The ruins of El Rey are right in the Zona Hotelera, or perhaps just south of it. Anyway, lots of people stop by because they can get "culture" while getting their party on. They only cost 50 pesos ($2.50) to enter, so it's really a shame if you're nearby and don't do it. For me, it cost a little more, but when you factor in the cost of a night at a local resort, I think I saved some money. There are no official guides here, only a badly faded map on a sign just as you enter. And it's not particularly informative. The whole site is laid out like a bowling lane or something - you walk down what is basically the main "path" and there are ruins on either side of it. At the center, which takes about 2 minutes to walk to, there is a complex of a couple of buildings that requires you go to the right or left, but then the path takes the center for the remainder of the site. Really, if you're just walking and not stopping, you could get from one end to the other in five minutes.

The iguanas are probably the most remarkable thing here. They're not tame at all; in fact, the smaller ones will scurry away into their holes in the sides of the ruins if you eve begin to approach them. The larger ones are a little less afraid, and there was one that I was basically almost on top of before it started to move. Of course, there are signs on every ruin that say two things: no climbing, and no feeding the iguanas. Maybe that's why the big ones aren't so afraid - they're hopeful.

As far as the ruins themselves go, there's not really much to tell. They are ruins. Not much work has been done to restore or really protect them except to put up those signs I mentioned already. I did find a golf ball from the gold course next door while I was walking around. There were some French tourists walking around, and an older Mexican lady. Not really much to describe. If you're in the area, and it's within walking distance, I recommend it. Otherwise, it's probably not going to change your life.

My taxi lady was a few minutes later than expected, but she did show back up. She apologized for the tardiness, but she said the food place was packed. So we began the journey back to my hotel. About a minute into the drive, she asked if I knew the beach, and if I'd like to stop and see the Playa Delphines, so I said sure. It was free, and my guess was that she probably wanted to eat her food that was sitting in the passenger seat. So I got out, looked around, and came back after about 5 or 6 minutes. It was pretty nice, but loads of people had stopped. Apparently they parking is such an issue that they have guards with red flags to wave people in and out, and to stop traffic if someone is backing out, since it's rather close to the road, and small. She pointed out a couple more places on the way back, but we made no more stops. She also got a couple more phone calls along the way, so I was amused. When we got back, I gave her a big tip because she came back for me, she showed me a nice beach, and she got me home earlier than I thought she would.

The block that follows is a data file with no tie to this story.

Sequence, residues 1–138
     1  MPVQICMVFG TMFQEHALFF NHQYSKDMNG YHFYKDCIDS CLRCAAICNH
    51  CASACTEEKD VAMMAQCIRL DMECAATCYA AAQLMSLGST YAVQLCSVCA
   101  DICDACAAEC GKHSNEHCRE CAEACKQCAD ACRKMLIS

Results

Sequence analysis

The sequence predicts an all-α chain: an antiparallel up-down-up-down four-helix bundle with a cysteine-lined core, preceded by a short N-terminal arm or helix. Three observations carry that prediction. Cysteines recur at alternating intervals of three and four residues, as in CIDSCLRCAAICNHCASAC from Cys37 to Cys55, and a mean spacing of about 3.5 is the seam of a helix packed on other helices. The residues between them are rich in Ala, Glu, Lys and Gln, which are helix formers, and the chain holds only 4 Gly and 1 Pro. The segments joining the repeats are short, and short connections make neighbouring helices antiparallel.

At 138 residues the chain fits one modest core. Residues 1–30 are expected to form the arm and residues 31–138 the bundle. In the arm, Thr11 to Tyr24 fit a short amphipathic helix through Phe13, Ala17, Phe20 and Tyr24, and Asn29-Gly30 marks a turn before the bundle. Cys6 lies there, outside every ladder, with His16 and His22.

I'll be heading out on a tour of Chichen Itza tomorrow, and the tour company said to expect them at 5AM at the lobby of my hotel. So, I won't be partying too late tonight at all. There's a concert (looks like mainly for teenagers) across the plaza from my hotel, so I'm getting some entertainment for free, whether I like it or now. I went down to the minimart next door to my hotel in the middle of it, to get some food and some snacks for the early trip tomorrow, and while I was waiting in line, I almost got into a fight with a teenage boy. Apparently he thought I cut him in line, but he wasn't moving and the cashier looked to me and waved me over. So when I put my stuff on the counter, the kid came over and gave me a "WTF" kind of look and comment, so I just responded "Como?" The cashier didn't want to take sides, so he just kinda waved his hands around, and then the kid went to the next cashier over to pick up a few packs of cigarettes. Gotta love juvenile delinquency.